I was sitting at my ten-year-old Dell laptop the other afternoon when I excitedly said to my wife Carol “You should see these awesome pictures of Bruce’s mussels on the internet!” I guess I didn’t immediately realize how awkward it could have come across.

Of course, I wasn’t admiring Bruce’s mussels exactly, I was admiring Bruce’s colorful pictures of the Sangamon River’s mussels.

A few Saturdays ago, several volunteers joined Steve Buck of the U of I’s Committee on Natural Areas and several “Master Naturalists” at the Sangamon River Forest Preserve digging in the knee deep water of the Sangamon River for a mussel survey. Those who participated were astounded at the number and variety of mussels that lurk beneath the surface, making their home in the sandy Sangamon River bottom. In just a few hours surveying about 500 feet of the river, they found over 300 mussels in more than 14 different species of many different sizes, shapes and colors.

And I’ve since become astounded about the potential opportunities for mussel and clam humor a column on a mussel survey could provide.

For example, some guy asks “How many mussels does it take to change a light bulb?” And his dimwitted buddy responds “Gee, I dunno, a light bulb is not too heavy, so not many, I suppose…”

But seriously folks, the Illinois Natural History Survey conducts a periodic survey of the Sangamon River’s mussels. They ask questions such as: “Excuse me, Mussel-man, what is your opinion of the Quinn Administrations’ recent proposed budget cuts for protection of Illinois Waterways?”  Ha-ha, I imagine those crazy researchers at the Natural History Survey tell that one around the ol’ water cooler a LOT.

On a more serious note, when Chuck, one of the volunteers from the Upper Sangamon River Conservancy, went out in the river to lend a hand, Bruce, who was knee deep in the river, exclaimed “Fatmucket!” Chuck naturally responded “Oh yeah, so’s your ol’ man!” Then Bruce shouted “Monkey Face!” Wondering what he’d ever done to Bruce to deserve this, Chuck was feeling mightily insulted at this point, but Bruce just opened his hand and showed him a couple of mussels with brightly colored shells and said “No, this one’s a Fatmucket and here’s a Monkey Face.”

Mussels do have an amazing variety of creative, descriptive and colorful names. In addition to the Fatmucket and Monkey Face, there is the Three Ridge, Wabash Pigtoe, Pink Heelsplitter, Pistolgrip, the Pimpelback, Deertoe, Plain Pocketbook, Fat Pocketbook (as for me, I haven’t seen that particular species in quite a while), and the Creeper.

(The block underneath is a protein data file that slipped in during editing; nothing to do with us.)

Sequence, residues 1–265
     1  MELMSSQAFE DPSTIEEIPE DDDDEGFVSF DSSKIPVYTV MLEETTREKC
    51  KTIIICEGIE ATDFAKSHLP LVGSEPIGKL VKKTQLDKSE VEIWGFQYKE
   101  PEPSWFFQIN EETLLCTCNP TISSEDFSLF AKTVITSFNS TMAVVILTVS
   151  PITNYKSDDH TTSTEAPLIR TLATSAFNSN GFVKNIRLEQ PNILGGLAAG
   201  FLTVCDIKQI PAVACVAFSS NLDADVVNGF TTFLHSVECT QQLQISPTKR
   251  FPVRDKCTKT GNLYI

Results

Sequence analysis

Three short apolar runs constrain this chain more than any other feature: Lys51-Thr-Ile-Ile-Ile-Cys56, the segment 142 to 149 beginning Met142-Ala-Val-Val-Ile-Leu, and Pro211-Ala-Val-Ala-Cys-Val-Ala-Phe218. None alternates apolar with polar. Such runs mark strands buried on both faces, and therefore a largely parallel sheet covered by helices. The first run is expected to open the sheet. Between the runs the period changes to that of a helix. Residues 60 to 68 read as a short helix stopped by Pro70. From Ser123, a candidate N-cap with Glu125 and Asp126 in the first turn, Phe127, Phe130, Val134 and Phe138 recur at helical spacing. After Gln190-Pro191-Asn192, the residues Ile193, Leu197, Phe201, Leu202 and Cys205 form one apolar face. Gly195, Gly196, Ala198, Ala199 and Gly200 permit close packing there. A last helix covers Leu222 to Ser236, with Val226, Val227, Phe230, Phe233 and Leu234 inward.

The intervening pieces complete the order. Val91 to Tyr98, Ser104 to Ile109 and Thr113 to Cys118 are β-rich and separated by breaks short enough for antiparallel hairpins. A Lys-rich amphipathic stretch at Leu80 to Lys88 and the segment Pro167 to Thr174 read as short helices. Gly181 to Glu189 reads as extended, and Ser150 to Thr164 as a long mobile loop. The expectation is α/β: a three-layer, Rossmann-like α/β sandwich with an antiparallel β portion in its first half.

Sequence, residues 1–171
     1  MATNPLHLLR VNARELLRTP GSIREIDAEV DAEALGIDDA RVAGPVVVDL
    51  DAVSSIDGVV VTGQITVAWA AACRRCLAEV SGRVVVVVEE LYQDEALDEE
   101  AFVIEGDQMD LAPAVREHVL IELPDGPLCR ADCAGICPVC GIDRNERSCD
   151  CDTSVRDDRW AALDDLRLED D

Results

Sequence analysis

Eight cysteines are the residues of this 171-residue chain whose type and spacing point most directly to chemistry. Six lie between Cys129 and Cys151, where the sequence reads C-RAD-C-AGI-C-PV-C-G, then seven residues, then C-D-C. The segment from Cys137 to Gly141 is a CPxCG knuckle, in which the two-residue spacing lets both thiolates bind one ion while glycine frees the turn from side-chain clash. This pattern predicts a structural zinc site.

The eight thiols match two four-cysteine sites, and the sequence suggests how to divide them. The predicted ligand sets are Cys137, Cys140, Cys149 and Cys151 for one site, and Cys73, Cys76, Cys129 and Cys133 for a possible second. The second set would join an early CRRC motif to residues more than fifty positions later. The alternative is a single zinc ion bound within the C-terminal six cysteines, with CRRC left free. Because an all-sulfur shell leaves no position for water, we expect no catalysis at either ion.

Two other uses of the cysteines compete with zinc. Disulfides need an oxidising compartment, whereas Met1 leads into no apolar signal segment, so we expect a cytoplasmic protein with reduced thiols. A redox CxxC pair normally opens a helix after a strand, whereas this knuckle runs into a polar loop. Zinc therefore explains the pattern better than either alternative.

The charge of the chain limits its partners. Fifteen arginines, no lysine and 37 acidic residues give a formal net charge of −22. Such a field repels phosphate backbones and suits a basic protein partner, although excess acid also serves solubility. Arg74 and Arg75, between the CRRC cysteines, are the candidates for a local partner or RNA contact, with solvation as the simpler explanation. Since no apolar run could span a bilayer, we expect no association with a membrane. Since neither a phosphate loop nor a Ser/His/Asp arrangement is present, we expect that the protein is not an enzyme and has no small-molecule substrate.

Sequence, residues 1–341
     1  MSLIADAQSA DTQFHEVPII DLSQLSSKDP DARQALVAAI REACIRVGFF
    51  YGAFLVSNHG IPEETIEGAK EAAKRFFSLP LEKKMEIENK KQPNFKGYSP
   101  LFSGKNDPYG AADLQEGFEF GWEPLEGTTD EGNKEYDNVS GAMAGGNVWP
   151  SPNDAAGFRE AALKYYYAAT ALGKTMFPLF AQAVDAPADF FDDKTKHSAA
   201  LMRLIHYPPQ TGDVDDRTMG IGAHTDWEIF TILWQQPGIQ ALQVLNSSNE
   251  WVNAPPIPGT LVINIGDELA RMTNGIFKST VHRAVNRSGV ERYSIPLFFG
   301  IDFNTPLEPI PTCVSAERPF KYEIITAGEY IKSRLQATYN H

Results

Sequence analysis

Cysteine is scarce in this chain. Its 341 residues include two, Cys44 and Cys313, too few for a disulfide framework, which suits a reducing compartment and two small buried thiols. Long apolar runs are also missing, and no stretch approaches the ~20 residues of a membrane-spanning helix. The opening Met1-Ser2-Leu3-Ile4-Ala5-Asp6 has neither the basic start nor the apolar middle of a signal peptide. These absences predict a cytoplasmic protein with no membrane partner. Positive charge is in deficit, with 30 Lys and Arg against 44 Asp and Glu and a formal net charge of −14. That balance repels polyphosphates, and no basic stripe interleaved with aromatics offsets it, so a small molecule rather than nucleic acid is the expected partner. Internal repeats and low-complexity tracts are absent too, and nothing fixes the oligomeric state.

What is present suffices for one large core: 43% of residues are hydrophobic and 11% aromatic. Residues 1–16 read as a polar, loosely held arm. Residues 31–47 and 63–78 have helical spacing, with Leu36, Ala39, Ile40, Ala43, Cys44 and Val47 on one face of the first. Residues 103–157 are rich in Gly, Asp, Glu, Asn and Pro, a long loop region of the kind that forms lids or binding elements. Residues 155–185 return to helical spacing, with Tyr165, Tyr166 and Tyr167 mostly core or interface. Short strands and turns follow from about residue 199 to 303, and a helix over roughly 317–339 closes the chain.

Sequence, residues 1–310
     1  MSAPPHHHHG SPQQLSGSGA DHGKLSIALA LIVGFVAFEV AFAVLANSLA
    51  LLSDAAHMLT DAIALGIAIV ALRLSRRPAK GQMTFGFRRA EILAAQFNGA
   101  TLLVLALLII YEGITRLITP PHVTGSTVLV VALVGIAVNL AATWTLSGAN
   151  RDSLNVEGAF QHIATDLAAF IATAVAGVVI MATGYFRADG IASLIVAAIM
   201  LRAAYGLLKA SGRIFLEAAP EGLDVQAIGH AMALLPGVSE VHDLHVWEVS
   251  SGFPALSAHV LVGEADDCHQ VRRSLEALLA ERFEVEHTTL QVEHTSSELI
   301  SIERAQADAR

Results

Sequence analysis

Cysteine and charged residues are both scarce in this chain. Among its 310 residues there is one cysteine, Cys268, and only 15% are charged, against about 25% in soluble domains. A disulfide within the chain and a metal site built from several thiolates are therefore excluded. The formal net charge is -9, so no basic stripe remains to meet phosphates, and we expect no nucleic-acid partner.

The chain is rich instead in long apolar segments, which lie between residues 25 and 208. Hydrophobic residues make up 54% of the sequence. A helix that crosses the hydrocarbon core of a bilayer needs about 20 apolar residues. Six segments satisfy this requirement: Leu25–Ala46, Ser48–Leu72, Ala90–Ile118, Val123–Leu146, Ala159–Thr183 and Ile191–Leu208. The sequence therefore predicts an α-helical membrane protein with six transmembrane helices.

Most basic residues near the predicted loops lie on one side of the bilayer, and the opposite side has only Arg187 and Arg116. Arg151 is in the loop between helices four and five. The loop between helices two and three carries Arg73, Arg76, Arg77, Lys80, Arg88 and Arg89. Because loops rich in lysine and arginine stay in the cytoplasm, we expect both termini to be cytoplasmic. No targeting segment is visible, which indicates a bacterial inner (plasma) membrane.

Sarah Bales of the Natural History Survey gave a talk at a recent USRC meeting where we learned that they often poetically refer to mussels as the “Livers of the River” (wonder how long it took for them to think THAT one up?).  Regardless, mussels do in fact play a very important role in cleaning and purifying the water of the river, which is why they are critical to the river’s ecosystem.

After Carol and I got over our initial amazement at the mussels’ stunning color and variety from Bruce’s pictures, we started to get kind of hungry. The previous Saturday night, we had sat down to a nice dinner of mussels in garlic butter over linguine and a glass of white wine. So naturally, being seafood loving locavores, we were interested in a potential dinner harvested from the river in our backyard.

Turns out that the Sangamon River’s mussels are a protected species, punishable by the force of law.  Which reminds me: What did Pinky “the Heelsplitter” Mussel say to the FBI interrogator? Nothing, he just ‘clammed up’.

In any case, apparently all of these freshwater mussels are (fortunately for them), both terrible tasting and incredibly tough. Apparently, certain native tribes would eat them, but only if they were bordering on starvation. I’ll stick with mussels from the frozen food section for now. But in this economy, you never know.

So as it turns out, the Sangamon River’s mussels are fascinating, quite beautiful and they seem to have a pretty good sense of humor. By the time this appears, Bruce’s mussel pictures should be posted for all to see at www.sangamonriver.org. As for pictures of Bruce’s muscles, well, you’ll just have to get in touch with him on that.


Appeared as “Notes from the River” in the Mahomet Citizen by Scott Hays on 9/7/2011

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